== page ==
You, or your child, is jacked up. It’s all just too much. The walls seem like they are closing in. Nobody understands. What to do? Well, for starters, just breathe. Taking one, two, or three meaningful, deep breaths helps you put what just happened into context, lowers your heart rate, and prompts you to give priority to your stress management.
Fourteen year old Mandy stomps in the front door after school. She tosses her jacket and book bag on the floor and sighs deeply. Her mom comes down the stairs to greet her usually perky teen, sensing distress.
“Hey Sweetheart,” mom cautiously greets her, “How was your day?”
Mandy glares at her, boring a hole through her. Then she melts into tears. Mom moves toward her daughter to wrap her arms around her.
“It’s…it’s…just…all too much,”
“What is, darling,” mom hugs her tightly.
“All of it. I don’t know. School, tests, boys, my so-called friends. I just can’t do it all. When will it stop, Mama?”
Mandy is clearly on stress overload.
There are two kinds of stress. Distress gets all the press. It’s when you feel weighed down by perceived bad stuff. The other, lesser known kin to distress is eustress. “Eu” is the Greek prefix for “good,” so eustress happens when confronted with good things in your life. Having a birthday, getting married, having children, getting student-of-the-week, kicking the winning soccer goal. All of these things are good, but stressful in the preparation, persistence, and outcome.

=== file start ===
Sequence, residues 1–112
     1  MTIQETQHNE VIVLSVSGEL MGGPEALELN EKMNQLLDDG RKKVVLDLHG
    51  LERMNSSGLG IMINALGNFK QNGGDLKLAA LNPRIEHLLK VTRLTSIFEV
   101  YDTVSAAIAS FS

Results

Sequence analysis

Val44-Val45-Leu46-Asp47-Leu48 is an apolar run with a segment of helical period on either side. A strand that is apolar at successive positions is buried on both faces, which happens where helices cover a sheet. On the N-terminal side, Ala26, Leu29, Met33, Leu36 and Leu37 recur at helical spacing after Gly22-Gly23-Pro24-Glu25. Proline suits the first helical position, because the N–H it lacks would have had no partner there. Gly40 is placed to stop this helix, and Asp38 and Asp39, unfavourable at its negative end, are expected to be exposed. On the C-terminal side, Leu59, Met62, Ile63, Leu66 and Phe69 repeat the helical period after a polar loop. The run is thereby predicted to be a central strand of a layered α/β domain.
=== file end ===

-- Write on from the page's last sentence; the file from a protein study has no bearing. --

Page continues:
For children and teens, common distressful events include studying hard for a test and still getting a bad grade, being picked on at recess, being unfriended, the “cool” kids talking behind your back, being rejected in dating, feeling out of place or not good enough in general.
Thankfully, for Mandy, her mom sensed Mandy’s distress, checked in with her verbally, gave her space to respond, and then active listened her feelings without judgement, criticism, or problem-solving. All of this gave Mandy the opportunity to clear her head and figure out how to recover. Mom’s reactive stance and support helped Mandy calm down and feel less overwhelmed.
Because stress happens, all the time and to all of us, it is equally important to be proactive. This is a case of the basics. As parents, both model for, and encourage your children to, eat well, sleep well, and maintain physical conditioning. In school, elementary recess and middle/high school P.E. classes form a foundation for physical release and conditioning. Encourage your children in groups, clubs, and sports, also for stress release. Fun, engaging stuff is always stress releasing. Now, inclusion and competition bear their own distresses sometimes, but the stress release function outweighs the potential for distress in these activities.
When you encourage your child to “go outside and play,” you are promoting their positive stress release. When you say, “Let’s go outside and play,” you are both modelling stress management and enhancing relational bonding. Being proactive in your stress management can lead to teachable moments with your children. And remember, just…breathe.